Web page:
}, where n=1,2,…,9, are 1.000, 0.500, 0.333, 0.250, 0.200, 0.167, 0.143, 0.125, 0.067. The rationale behind these age groups is that as mosquitoes become older, there is a greater tendency of exponential mortality compared to younger mosquitoes.

This model has initial conditions S_{1}=1000, and all other 0.

A note on the use of ODEs and rate calculations can be found in Additional file 4.

Validation data

To validate the models, we used the most extensive data set available on mosquito survival [24] under different temperatures (5 to 40 by 5°C) and RHs (40 to 100 by 20%) [24]; it is the same data that the Bayoh-Ermert, Bayoh-Parham and Bayoh-Lunde models were derived from. These data describe the fraction of live mosquitoes (f_{
a
}) at time t, which allows us to validate the models over a range of temperatures. Because three of the models used the Bayoh and Lindsay data to develop the survival curves, this comparison is unrealistic for Martens models.

Hence, to account for this we have used three independent data sets to validate the fraction of infectious mosquitoes and the mosquito survival curves.

Scholte et al. (Figure two in [33]) published a similar data set, but this was based on a temperature of 27±1°C and a RH of 80±5%, whereas Afrane et al. (Figure two in [28]) used mean temperatures of 21.5 to 25.0 and RHs of 40-80%. Use of these data sets will allow us to complement the validation to determine if the patterns of malaria transmission are consistent with that of the control (Table 1). In addition to the data from Scholte et al.[33], we also found the following data set, which is suitable for validation of the survival curves but not the transmission process itself, because the data does not show the survival curve until all of the mosquitoes are dead [Kikankie, Master’s thesis (Figures three to eight, chapter 3, 25°C, 80% RH) [34]]. These results are also shown in Table 1. The additional validation only gives information about the model quality between 21, and 27°C; however, it serves as an independent model evaluation to determine if the results are consistent and independent of the data set used to validate the models.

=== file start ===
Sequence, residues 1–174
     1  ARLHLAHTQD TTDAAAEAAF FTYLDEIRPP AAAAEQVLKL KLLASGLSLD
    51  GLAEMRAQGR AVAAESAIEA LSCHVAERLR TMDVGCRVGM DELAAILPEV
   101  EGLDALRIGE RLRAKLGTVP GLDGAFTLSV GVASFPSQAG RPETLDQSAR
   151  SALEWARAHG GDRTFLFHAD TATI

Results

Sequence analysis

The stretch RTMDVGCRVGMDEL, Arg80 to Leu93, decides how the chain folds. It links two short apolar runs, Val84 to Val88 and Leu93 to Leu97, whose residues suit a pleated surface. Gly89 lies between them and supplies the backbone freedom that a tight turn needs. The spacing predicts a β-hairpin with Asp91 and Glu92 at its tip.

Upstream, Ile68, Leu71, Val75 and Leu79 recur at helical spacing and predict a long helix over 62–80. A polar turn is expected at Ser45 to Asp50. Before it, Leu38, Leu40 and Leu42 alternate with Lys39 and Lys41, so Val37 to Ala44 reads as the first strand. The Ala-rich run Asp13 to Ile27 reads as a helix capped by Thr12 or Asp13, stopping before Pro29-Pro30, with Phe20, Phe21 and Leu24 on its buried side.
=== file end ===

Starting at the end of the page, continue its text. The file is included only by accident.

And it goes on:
Table 1

Skill scores

Control

AIC Control

Scholte

AF

BL mortality model

SK mortality model

Martens 1

0.01

76 (56, 96)

0.00

0.03

0.36

0.25

Martens 2

0.38

9 (-14, 30)

0.55

0.37

0.54

0.45

Martens 3

0.65

-38 (-75, -9)

0.53

0.77

0.65

0.52

Bayoh-Ermert

0.27

30 (1, 58)

0.16

0.43

0.79

0.56

Bayoh-Parham

0.16

26 (-11, 55)

0.05

0.31

0.79

0.59

Bayoh-Lunde

0.90

-111 (-148, -81)

0.83

0.94

0.90

0.81

Bayoh-Mordecai

0.62

-53 (-82, -29)

0.58

0.70

0.57

0.49

Skill scores as defined in equation 11. “Control” represents the validation of infectious mosquitoes using the data from Bayoh and Lindsay [24], “Scholte” [33] represents the validation of infectious mosquitoes using the data from Scholte, “AF” represents the validation of infectious mosquitoes using the data from Afrane, “BL mortality model” represents the validation of the mortality model using the data from Bayoh and Lindsay [24], and “SK mortality model” represents the validation of the mortality model using data from Scholte [33] and Kikankie [34]. “AIC control” is Akaike information Criterion for “Control” (95 % confidence interval).

Using the data from Bayoh and Lindsay, Afrane et al. or Scholte et al.[33], we can calculate the fraction of mosquitoes that would become infectious at time t, using equation 8. We replace β with the time-dependent β(t), which is a time varying mortality rate. This approach was used for the data from [24] and [33].

β(t) is linearly interpolated at times with no data. The reference data from Bayoh and Lindsay [24] are hereafter designated as the control data in the subsequent text, whereas data from Scholte et al.[33] is called Scholte in Table 1. Table 1 also shows the skill scores of the mortality model alone (for the figures in Additional file 3).

Because some of the schemes do not include RH, we have displayed the mean number of infectious mosquitoes, I, for schemes that do include it. For the validation statistics, RH has been included. However, for schemes where the RH has not been taken into account, single realization at all humidities has been employed.

Validation statistics

Skill scores (S) are calculated following Taylor [35]:

where r is the Pearson correlation coefficient, r_{0}=1 is the reference correlation coefficient, and ${\widehat{\sigma}}_{f}$ is the variance of the control over the standard deviation of the model (σ_{
f
}/σ_{
r
}). This skill score will increase as a correlation increases, as well as increasing as the variance of the model approaches the variance of the model.